• eliminate the Departments of Agriculture, Interior, Transportation, and Veterans Affairs; • close down major independent agencies such as the Tennessee Valley Authority, the Small Business Administration, the Corporation for National and Community Service, the Legal Services Corporation, and the Appalachian Regional Commission; and • terminate obscure independent agencies like the Advisory Council on Historic Preservation, the Japan–United States Friendship Commission, the Marine Mammal Commission, America's Education Goals Panel, the State Justice Institute, and the United States Institute of Peace.
Abolishing cabinet-level departments and independent agencies is an essential element of a return to constitutional government. Previous chapters in this section have called for the abolition of three cabinet agencies. That should not be construed as an endorsement of the other 11 departments. At least five of those—the Departments of Agriculture, Interior, Transportation, Labor, and Veterans Affairs—should be on the chopping block as well. Arguably, there are only four departments that perform clearly federal functions, which are specifically enumerated in the Constitution: Defense, State, Justice, and Treasury.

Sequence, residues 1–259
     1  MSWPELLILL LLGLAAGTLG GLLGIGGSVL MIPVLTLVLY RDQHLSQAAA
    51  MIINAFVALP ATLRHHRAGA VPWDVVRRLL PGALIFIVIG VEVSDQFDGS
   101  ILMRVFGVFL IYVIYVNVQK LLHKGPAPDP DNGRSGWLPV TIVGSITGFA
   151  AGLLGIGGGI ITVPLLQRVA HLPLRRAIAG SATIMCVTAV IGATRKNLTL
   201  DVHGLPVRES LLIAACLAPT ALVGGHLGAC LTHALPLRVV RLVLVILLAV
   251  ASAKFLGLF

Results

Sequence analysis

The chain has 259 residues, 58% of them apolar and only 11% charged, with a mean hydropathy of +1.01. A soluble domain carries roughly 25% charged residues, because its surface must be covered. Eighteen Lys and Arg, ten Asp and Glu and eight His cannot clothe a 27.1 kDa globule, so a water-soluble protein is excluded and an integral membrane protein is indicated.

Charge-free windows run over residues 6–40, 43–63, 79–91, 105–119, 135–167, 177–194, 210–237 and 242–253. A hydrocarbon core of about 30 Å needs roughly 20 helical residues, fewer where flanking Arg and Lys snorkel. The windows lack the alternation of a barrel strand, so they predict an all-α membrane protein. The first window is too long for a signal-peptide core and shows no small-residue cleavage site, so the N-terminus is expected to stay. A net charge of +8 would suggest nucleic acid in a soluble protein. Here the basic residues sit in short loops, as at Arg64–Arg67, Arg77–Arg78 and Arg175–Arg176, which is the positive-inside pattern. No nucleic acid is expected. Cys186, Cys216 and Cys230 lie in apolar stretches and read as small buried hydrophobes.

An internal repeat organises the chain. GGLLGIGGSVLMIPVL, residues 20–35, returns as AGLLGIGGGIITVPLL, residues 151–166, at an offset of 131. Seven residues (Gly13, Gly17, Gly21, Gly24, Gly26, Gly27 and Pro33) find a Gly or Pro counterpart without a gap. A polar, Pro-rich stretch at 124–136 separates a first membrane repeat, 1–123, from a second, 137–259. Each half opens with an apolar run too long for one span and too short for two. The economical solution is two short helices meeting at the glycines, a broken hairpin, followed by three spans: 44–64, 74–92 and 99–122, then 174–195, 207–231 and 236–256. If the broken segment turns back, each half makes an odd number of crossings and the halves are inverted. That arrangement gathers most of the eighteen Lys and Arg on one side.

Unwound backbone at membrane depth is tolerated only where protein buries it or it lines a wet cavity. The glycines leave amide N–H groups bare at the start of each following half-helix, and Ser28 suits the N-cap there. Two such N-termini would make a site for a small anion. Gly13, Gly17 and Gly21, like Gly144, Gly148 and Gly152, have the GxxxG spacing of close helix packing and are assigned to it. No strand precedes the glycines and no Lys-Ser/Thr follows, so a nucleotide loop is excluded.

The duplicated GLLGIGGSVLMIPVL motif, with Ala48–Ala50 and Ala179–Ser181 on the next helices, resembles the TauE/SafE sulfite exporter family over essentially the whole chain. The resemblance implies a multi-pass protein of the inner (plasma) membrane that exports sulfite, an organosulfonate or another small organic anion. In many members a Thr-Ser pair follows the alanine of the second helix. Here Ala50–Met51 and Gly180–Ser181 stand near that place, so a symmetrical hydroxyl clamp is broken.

Among the nearly 100 independent agencies that squander billions of taxpayer dollars every year there are dozens of additional candidates for elimination. The time is right for a return to a smaller, less expensive federal government. Closing down costly cabinet departments and independent agencies is an essential part of that process.
The U.S. Department of Agriculture pays farmers not to grow crops on their land in order to keep their selling prices high, then turns around
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Publication information: Book title: Cato Handbook for Congress:Policy Recommendations for the 106th Congress. Contributors: Edward H. Crane - Editor, David Boaz - Editor. Publisher: Cato Institute. Place of publication: Washington, DC. Publication year: 1999. Page number: 175.
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